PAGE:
Based in the Netherlands, iRex Technologies is a spin-off of Philips Electronics, and has deep roots in the ereader field, having developed the epaper display in the very first commercial ebook reader, the Sony Librie.
Since 2005 iRex has been manufacturing high-end ebook readers and business-oriented ereaders, selling them predominantly to European customers. Just recently they released a new consumer model with a lower price point, the DR-800, which is their first ebook reader to be marketed in the US.
Like most other ebook readers, these use an electronic paper display that utilizes E Ink technology. What makes them unique, however, is that they feature touchscreen navigation with an integrated digitizing tablet by Wacom, which allows for touchscreen navigation without a reflective display.
iRex DR-800 eReader
The DR-800 was released in Europe and the US in early 2010, and unlike other models this one is being sold from Best Buy.
It features an 8.1-inch touchscreen and is iRex's first ebook reader to have free 3G wireless, although it's US only at this point.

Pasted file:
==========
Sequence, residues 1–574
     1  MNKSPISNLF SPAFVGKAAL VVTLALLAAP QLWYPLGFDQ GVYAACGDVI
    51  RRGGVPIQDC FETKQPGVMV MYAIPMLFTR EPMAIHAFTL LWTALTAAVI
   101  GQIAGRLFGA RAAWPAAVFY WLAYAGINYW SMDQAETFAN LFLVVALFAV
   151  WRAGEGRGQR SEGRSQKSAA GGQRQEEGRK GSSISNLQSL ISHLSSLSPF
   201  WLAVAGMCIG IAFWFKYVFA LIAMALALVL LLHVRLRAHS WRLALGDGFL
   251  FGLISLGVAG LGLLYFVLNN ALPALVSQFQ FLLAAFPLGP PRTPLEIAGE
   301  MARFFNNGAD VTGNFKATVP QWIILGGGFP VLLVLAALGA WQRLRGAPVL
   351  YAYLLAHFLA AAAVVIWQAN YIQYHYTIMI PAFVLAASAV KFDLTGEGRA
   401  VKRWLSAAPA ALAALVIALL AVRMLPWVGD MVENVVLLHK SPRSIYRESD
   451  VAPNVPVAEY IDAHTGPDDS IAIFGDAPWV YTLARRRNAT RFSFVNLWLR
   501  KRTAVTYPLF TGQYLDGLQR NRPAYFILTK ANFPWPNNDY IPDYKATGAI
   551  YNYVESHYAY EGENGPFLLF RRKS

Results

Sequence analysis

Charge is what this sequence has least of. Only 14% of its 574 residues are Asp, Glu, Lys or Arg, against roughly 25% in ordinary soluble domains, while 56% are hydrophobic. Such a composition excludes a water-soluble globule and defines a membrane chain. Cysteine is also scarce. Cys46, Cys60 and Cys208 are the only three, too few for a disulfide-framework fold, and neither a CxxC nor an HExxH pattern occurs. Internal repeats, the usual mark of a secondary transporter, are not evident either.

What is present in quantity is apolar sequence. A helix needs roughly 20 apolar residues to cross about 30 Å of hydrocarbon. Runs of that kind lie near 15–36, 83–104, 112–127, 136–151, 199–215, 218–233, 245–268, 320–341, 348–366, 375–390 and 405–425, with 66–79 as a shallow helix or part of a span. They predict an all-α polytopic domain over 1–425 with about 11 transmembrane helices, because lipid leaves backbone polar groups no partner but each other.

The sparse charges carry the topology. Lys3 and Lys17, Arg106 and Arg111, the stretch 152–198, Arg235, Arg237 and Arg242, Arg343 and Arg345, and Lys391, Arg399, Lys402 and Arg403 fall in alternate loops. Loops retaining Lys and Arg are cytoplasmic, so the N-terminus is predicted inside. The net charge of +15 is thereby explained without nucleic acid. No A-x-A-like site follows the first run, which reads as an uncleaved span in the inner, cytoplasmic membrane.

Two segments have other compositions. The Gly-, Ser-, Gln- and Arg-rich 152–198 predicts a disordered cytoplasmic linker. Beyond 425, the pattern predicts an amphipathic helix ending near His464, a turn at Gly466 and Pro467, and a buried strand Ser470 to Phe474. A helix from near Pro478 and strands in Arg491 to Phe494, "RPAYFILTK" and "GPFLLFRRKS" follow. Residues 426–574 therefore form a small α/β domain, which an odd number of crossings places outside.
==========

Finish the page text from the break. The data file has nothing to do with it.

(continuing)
The DR-800 supports Adobe EPUB and PDF, as well as Barnes and Nobles' eReader (PDB). And Newspaper Direct's NP format.
It also works with library ebooks downloaded through Overdrive.com.
The Digital Reader was released in September 2008, and is currently the largest and most expensive ereader on the market, retailing at £599 ($859).
It has a 163 x 203 mm (10.2-inch) screen and weighs 570 grams (20.1 ounces).
The Digital Reader is designed for business use. Microsoft Office documents, emails, and PDF documents can be printed into a readable format directly onto the device.
The Digital Reader has access to over 1020 newspaper subscriptions from 81 countries.
iLiad Book Edition
The iLiad Book Edition was released in May 2008, and currently sells for £449 ($599).
Compared to other ebook readers, the iLiad Book Edition has a larger 122 x 163 mm (8.1-inch) display, as well as touchscreen navigation.
It weighs 388 grams (13.7 ounces) and has built-in stereo speakers.
Like the larger Digital Reader, the iLiad comes with a program called MyScript Notes that converts handwritten notes into digital text.
Unlike the other readers, it doesn’t have Wi-Fi.
iLiad 2nd Edition
The iLiad 2nd Edition was released in September 2007, and sold for $699.
This model is very similar to the Book Edition in size and weight, but with some additional features such as Wi-Fi. It was marketed as having the ability to support other media files like Sodoku and Crossword Puzzles, as well as synchronizing between computers and additional iLiads.
When the first generation model was introduced, it had the largest screen of any ereader at the time.
The 2nd Edition included a few updates such as a redesigned backplane and increased battery capacity.